Several pundits whom we respect, including Patterico and Michelle Malkin, were apoplectic today over one aspect of the questionnaire Harriet Miers filled out for the Senate Judiciary Committee. This was the offending paragraph; it was part of Miers’s recounting of her experience with Constitutional issues:
While I was an at-large member of the Dallas City Council, I dealt with issues that involved constitutional questions. For instance, when addressing a lawsuit under Section 2 of the Voting Rights Act, the council had to be sure to comply with the proportional representation requirement of the Equal Protection Clause.
The second sentence has been ridiculed on the ground that Miers seems to think that the Equal Protection Clause requires proportional representation of the races on bodies like city councils. When I read that sentence, I thought its syntax was confused, but that Miers was making a legitimate point about the Voting Rights Act, which does indeed come perilously close to mandating proportional representation of favored races. Miers had a lot of experience with the Voting Rights Act on the Dallas City Council; her at-large seat was eventually abolished by court order because the system then in use, with eight geographic districts and three at large members, didn’t produce enough black and Hispanic city councilmen. I thought that her reference to the Equal Protection Clause was garbled–that constitutional provision was also involved in the litigation over the Dallas City Council–but that her blunt characterization of the Voting Rights Act might provoke some honest discussion of that little-understood statute.
But I now realize that I was reading too much into Miers’s sentence. Left-wing law professor Cass Sunstein is, for once, right. All Miers meant was that the City Council, in trying to draw districts in compliance with the Voting Rights Act, had to take into account the one-man-one-vote rule that has been held to be mandated by the Equal Protection Clause. In other words, the districts had to be of roughly equal size so that each voter’s ballot counted about the same.
Thus understood, the criticism of Miers is (not for the first time) far out of proportion to the offense. The meaning she gives to the phrase “proportional representation” isn’t the usual one, but it is perfectly logical. Read in this way, there is nothing at all wrong with what Miers wrote. The Equal Protection Clause has indeed been held to require that voters be “proportionally represented,” i.e., that some citizens’ votes not be diluted by being part of a disproportionately large district.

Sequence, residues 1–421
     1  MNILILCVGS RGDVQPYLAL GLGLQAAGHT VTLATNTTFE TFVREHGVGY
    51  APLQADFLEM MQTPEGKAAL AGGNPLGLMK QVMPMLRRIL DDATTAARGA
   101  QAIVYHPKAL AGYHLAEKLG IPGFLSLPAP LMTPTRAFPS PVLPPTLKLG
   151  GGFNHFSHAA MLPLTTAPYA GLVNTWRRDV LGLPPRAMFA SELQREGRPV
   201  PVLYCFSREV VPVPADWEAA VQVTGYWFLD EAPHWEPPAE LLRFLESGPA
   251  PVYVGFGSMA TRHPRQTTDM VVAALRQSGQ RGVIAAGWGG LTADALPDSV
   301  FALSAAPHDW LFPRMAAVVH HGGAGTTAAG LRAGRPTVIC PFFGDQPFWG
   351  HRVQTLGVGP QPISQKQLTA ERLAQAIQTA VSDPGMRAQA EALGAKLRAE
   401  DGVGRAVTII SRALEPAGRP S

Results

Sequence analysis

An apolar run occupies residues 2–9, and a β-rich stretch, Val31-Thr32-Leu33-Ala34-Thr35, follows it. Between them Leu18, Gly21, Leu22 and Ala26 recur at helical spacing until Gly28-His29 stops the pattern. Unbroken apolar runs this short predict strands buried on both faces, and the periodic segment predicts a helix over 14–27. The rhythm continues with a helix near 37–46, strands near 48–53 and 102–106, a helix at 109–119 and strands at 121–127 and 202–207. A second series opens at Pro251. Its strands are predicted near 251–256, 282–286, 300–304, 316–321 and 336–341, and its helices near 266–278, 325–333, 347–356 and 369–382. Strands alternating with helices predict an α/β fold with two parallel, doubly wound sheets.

All of which suggests, I think, two things: first, people shouldn’t be so quick to jump to the conclusion that Miers is an idiot. Let’s let her speak for herself at her confirmation hearing. And, second: Patterico, you can come in off that ledge.
PAUL concurs: Another example of interpreting everything Miers says or does in the worst possible light occurred after Miers wrote that good lawyers are creative. I don’t see how anyone can dispute that. But some conservatives interpreted this to mean that Miers would be a creative judge who would invent new constitutional rights, or whatever.
The shrill and harsh treatment of Miers by some conservatives reminds me of the way the lefties treat many of Bush’s conservative judicial nominees. Recall, for instance, how the left seized upon stray comments by John Roberts from the Reagan era, holding them out as smoking-gun evidence that Roberts’ confirmation would wreck the Republic. In my opinion, Miers was a poor choice, but that doesn’t mean that conservatives should imitate left-wing bloggers and rush headlong to the rhetorical edge.
I’d like to think that the piling on we’re witnessing isn’t just the product of blind rage. Perhaps it’s calculated to induce Miers to withdraw, either by applying direct pressure on her or by applying pressure on conservative Senators to oppose her. But either way, some of it strikes me as quite unseemly.